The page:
CommScrumming from Bromley,Kent
Greetings from the first-ever CommScrum founders’ retreat. Amid a bacchanalia of mulled wine, Thai curry and private-label bourbon, we Scrummers took a look at the current state of organisational communication, life in the corporate world, and in particular the fate of blogging as a viable means of getting opinions across.
As one could expect, the discussions were robust, particularly in terms of whom we believe our target audience should be, with my fellows seeking to engage (hate that word but can’t think of better) CEOs and senior folks from other disciplines, and me tenaciously clinging to the ground that CommScrum should be about empowering communicators to challenge conventional wisdom whether it comes from above or below.
We did come to some shared conclusions, the first of which is that blogging is toast. We’ve largely run aground on our own blogging, hence the paucity of recent posts. We’ve also come to appreciate that our LinkedIn group is a success, with 417 members worldwide, including some of the best thought leaders from Europe, North America and Australasia.
So, we’re going to concentrate on evolving CommScrum to the next level – developing the quality and membership of the LinkedIn group. And, when we have a collective opinion, we’ll either post to a collective platform like CIPR’s Conversation, write a white paper, and even, submit a post to a real print publication.
Thus, aside from links to these external postings, we are burying the blog. The Blog is dead, long live CommScrum!
Right. Commscrum isn’t about the founders, it is about provocative challenge to the current communication profession. It means to save its practitioners from wading around in the ‘dark side’ of reactive, subservient mud to talk to about what really counts.
It’s about people who have an affinity with fun, edgy, smart communication talking about business, from a viewpoint where that communication is integrated with its overlapping disciplines: PR, Public Affairs, HR, Brand, Marketing… all for pre- and post- business-decision purposes.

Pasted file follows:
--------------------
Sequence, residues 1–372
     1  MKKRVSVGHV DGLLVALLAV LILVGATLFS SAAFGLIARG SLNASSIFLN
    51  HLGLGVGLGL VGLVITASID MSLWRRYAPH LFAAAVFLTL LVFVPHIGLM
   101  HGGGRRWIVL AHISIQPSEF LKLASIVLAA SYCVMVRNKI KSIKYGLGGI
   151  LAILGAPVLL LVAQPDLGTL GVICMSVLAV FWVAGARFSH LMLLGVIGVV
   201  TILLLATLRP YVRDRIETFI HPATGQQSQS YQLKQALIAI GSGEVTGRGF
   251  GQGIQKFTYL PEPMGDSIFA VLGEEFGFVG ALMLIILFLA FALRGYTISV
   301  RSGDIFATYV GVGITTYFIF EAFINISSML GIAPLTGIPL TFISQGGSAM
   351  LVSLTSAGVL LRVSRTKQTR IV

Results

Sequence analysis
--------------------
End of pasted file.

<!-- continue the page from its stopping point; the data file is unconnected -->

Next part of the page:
Taking that – as a very specific frame – to the members of the Commscrum group on LinkedIn as a single virtual platform, passes the ball to the next phase of possession. An exciting game.
When we started this blog, there were two defining features: first was the commitment to challenging orthodoxy, to strap up our cauliflower ears, sharpen our studs and be prepared to indulge in the odd ‘Mauri sidestep’; second was the unique four-handed nature of our scrums, priming the debate and letting it be known that anyone and everyone was welcome to pile in and say their piece.
On the second, the migration from the blog to the LinkedIn group was an obvious evolutionary step, taking our four-handed approach and (at the time of writing this) turning into a 417-handed one. Killing off the blog just makes this official, and it’s the right thing to do.
As for the future, I’d point to my single favourite scrum, which was started by Adam Hibbert on the LI group, which essentially boiled down to: if everything the CommScrum stands for is so obvious to us, why does it continue to be anathema to so many organisations?
Firstly, it’s a great question – the kind of big ‘Why?’/‘What if?’ question that the CommScrum is there for. (‘How to…’ is fine as the ultimate destination of a conversation, but it’s not an appropriate starting point for us; there are plenty of other forums to address these kinds of tactical questions.)
Secondly, its intent was a kind of root cause analysis – something that might actually lead to a way past the conceptual/institutional roadblocks that stand in our way. We never really got that far, though, and I’d like to see us resurrect and develop this line of investigation further.
Having been party to the construction of the above, I have little to add. One, it had been within the realm of possibility that CommScrum had run its course. Two, I want to see the CommScrum dialogue extend beyond “communication” in its more traditional sense and into the realm of “communication” as a creative strategic business management and design discipline that doesn’t just reflect but actually shapes and defines organisational direction. Looking forward to the next stage in the revolution.